The good folks over at the Las Vegas Review of Books, a wonderful site that does not share its interesting commentary often enough, have written about the best books of 2012. Both editors of this site have pretty intensive day jobs, so it is understandable that their updates are so rare, but we love the idea of their site and what they are trying to do. Take a look at their reviews here.
There will be an excellent presentation Thursday evening at 6:00PM at the Nevada Museum of Art called “Reno’s Mad Men,” which will be in conjunction with their terrific exhibit on vintage Nevada neon. The University of Nevada Oral History Program will be playing interviews with some of Reno’s top mid-century image-makers, including Roy Powers, Mark Curtis, Sr., and Bill Harrah, with photos, panelists who knew them, and classic cocktails to follow. More information here.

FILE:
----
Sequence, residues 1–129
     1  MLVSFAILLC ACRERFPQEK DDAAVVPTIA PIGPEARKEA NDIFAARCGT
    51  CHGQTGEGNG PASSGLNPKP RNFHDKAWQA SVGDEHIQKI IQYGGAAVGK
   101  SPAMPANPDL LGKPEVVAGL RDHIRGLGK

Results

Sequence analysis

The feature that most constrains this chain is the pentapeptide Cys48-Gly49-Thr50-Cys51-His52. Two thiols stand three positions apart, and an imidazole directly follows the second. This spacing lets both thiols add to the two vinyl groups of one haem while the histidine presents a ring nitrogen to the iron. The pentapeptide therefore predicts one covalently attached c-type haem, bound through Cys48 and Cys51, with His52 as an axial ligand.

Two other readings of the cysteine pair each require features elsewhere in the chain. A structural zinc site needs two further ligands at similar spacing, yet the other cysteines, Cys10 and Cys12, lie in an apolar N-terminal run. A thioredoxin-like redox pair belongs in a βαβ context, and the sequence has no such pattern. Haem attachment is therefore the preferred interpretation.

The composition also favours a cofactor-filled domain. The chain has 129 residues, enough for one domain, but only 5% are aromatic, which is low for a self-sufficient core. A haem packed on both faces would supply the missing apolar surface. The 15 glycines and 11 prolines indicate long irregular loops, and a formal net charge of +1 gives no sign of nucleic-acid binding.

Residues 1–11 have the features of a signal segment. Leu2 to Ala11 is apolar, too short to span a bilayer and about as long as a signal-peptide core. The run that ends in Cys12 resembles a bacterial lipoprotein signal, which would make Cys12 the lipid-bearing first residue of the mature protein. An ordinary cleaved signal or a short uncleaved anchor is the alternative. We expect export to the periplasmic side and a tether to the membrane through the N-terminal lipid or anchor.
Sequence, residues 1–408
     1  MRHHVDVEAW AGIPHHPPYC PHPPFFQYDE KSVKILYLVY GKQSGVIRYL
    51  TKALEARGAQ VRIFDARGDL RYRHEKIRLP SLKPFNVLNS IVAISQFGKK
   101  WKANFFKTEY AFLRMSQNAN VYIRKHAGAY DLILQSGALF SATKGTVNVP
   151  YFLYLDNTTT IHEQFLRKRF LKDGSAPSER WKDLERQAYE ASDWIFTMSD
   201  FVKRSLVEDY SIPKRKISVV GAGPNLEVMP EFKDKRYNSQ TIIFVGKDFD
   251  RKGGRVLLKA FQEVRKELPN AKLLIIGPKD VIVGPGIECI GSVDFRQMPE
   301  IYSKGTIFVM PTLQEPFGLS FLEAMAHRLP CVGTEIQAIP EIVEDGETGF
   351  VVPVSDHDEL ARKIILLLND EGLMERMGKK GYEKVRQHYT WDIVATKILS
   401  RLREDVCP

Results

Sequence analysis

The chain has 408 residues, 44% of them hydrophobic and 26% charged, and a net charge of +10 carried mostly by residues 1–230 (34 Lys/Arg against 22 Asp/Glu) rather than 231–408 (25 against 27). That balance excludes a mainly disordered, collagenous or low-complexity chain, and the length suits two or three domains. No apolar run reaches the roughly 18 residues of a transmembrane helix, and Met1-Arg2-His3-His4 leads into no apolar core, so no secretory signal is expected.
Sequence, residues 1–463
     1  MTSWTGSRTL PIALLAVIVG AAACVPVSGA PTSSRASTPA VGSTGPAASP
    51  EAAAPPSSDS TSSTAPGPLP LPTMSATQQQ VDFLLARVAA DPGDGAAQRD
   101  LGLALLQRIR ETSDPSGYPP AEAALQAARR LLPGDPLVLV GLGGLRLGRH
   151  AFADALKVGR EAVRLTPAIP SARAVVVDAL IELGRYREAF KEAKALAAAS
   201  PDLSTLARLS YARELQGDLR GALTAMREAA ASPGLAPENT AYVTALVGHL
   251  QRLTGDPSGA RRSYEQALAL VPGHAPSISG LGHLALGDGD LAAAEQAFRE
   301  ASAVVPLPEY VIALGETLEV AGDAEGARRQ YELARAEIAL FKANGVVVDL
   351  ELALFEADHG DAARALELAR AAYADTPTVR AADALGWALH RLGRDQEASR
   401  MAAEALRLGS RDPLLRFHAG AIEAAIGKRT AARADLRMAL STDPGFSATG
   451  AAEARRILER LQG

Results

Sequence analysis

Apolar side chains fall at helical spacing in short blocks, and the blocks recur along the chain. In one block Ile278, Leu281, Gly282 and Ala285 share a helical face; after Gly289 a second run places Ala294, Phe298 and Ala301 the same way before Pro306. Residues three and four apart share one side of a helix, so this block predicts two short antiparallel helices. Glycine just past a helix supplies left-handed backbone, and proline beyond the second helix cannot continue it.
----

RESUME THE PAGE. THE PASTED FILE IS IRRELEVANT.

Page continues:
The Las Vegas Review-Journal just announced that the publishing house associated with its parent company, Stephens Press, will help us all celebrate Nevada 150th birthday with the publication of Nevada: 150 Years in the Silver State. Since this announcement, we have spoken to Stephens Press Publisher Carolyn Hayes Uber and the project editor Geoff Schumacher to find out more. The book, which will probably be in the form of a coffee table-type book, will profile all 17 Nevada counties and its metropolitan areas, the natural beauty and landmarks of the state like Red Rock Canyon National Conservation Area and Lake Tahoe, and the state’s entertainment, gaming, mining, ranching and other important industries. During our brief talk, Geoff said that it would be more than a historical approach to the state, stating that the book would be about the state’s great future as well. We love Stephens Press, and really appreciate what they are doing for the sate and its literature. We can’t think of a press more deserving or more capable of doing such a wonderful job with this important book.